- Norwegian Cruise Line
Norwegian Sun Review
A sister-ship to Norwegian Sky, but not a twin, Norwegian Sun—one of the first real Freestyle cruising ships built for Norwegian Cruise Line—entered service in 2001 with an additional deck, more accommodations with private balconies, and more specialty restaurants.
Interiors are bright and cheerful although the decor is somewhat subdued when compared with fleetmates.
Norwegian Cruise Line hadn't introduced many new ships in awhile at the time Norwegian Sky was launched and Norwegian Sun was on the drawing board, but it didn't take long before they got the hang of it. With Freestyle cruising growing in popularity, the vessels moved into the forefront of the fleet with multiple restaurant choices, expansive casino, trendy spas, and more family- and kid-friendly facilities.
Rich wood tones and fabric colors prevail throughout. The Observation Lounge is a subdued spot for afternoon tea in a light, tropical setting with nothing to distract attention from the expansive views beyond the floor-to-ceiling windows.
The Internet café is large, and the nearby coffee bar is a delight. Sunshine pours into the atrium through an overhead skylight by day; at night it's the ship's glamorous hub of activity.
Norwegian Cruise Line (originally known as Norwegian Caribbean Line) set sail in 1966 with an entirely new concept: regularly scheduled Caribbean cruises from the then-obscure port of Miami. Good food and friendly service combined with value fares established Norwegian as a winner for active adults and families. With the introduction of the now-retired SS Norway in 1979, Norwegian ushered in the era of cruises on megasize ships. Innovative and forward-looking, Norwegian has been a cruise-industry leader for four decades, and is as much at home in Europe as it is in the Caribbean.
Noted for top-quality, high-energy entertainment and emphasis on fitness facilities and programs, Norwegian combines action, activities, and a variety of dining options in a casual, free-flowing atmosphere. Freestyle cruising signaled an end to rigid dining schedules and dress codes. Norwegian ships now offer a host of flexible dining options that allow passengers to eat in the main dining rooms or any of a number of à la carte and specialty restaurants at any time and with whom they please. Now co-owned by Genting Hong Kong Limited and Apollo Management, a private equity company, Norwegian continues to be an industry innovator.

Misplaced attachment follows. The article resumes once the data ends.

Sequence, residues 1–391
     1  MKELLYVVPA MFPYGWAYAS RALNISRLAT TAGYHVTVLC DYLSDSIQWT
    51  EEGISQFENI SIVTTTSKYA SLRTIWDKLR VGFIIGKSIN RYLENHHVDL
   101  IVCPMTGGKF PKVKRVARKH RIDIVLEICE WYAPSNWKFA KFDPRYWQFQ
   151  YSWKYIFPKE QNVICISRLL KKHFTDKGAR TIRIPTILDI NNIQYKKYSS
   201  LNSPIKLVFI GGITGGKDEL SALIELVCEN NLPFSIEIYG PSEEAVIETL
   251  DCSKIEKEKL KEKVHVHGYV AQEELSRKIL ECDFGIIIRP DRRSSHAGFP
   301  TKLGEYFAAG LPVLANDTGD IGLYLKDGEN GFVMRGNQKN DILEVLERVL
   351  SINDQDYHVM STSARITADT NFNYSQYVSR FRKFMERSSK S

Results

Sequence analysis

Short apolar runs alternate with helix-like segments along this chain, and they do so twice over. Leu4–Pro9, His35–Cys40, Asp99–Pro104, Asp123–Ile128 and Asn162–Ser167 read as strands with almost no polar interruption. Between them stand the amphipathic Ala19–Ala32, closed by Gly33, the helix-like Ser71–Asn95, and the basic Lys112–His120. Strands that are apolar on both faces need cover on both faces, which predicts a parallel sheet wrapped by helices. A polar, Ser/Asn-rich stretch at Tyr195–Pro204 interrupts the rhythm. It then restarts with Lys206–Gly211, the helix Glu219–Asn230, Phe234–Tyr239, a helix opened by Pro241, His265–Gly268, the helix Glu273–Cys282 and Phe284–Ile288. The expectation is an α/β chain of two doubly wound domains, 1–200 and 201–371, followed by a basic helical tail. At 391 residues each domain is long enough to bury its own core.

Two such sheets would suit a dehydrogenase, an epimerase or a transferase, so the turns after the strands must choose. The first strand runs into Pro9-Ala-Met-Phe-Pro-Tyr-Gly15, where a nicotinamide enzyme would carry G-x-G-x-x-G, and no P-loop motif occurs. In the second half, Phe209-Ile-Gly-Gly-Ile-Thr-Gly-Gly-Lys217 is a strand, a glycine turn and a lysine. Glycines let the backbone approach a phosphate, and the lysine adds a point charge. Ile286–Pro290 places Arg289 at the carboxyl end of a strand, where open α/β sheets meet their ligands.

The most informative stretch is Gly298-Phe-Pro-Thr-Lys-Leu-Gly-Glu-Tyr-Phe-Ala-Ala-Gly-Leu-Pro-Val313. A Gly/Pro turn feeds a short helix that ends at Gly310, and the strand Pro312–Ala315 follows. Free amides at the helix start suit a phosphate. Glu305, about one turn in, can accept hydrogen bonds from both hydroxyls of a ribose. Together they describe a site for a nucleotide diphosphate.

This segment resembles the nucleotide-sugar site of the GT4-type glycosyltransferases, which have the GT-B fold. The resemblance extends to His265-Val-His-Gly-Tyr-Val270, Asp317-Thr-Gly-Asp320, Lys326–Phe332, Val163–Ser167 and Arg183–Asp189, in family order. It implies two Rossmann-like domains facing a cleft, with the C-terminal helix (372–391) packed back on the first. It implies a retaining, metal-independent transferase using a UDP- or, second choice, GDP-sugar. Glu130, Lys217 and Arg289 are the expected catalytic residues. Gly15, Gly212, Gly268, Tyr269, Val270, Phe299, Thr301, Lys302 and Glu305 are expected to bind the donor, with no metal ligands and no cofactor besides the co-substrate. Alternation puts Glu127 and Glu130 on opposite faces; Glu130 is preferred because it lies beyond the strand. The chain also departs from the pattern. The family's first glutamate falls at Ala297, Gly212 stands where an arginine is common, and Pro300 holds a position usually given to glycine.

From a distance, most cruise ships look so similar that it's often difficult to tell them apart, but Norwegian's largest, modern ships stand out with their distinctive use of hull art. Each new ship is distinguished by murals extending from bow to midship.
What You Should Know
- Many of the elements found in newer fleetmates have been added to these older ships
- There is a hot tub exclusively for kids
- Norwegian Sunhas separate steam rooms and saunas for men and women
- The main restaurant is not on a direct route from the main atrium
- These are sister ships but not twins, and dining facilities vary
- Standard accommodations are somewhat tight for more than two people
- Crew Members 917,916
- Entered Service 2001
- Gross Tons 78,309
- Length 853 feet
- Number of Cabins 968
- Passenger Capacity 1,936
- Width 105 feet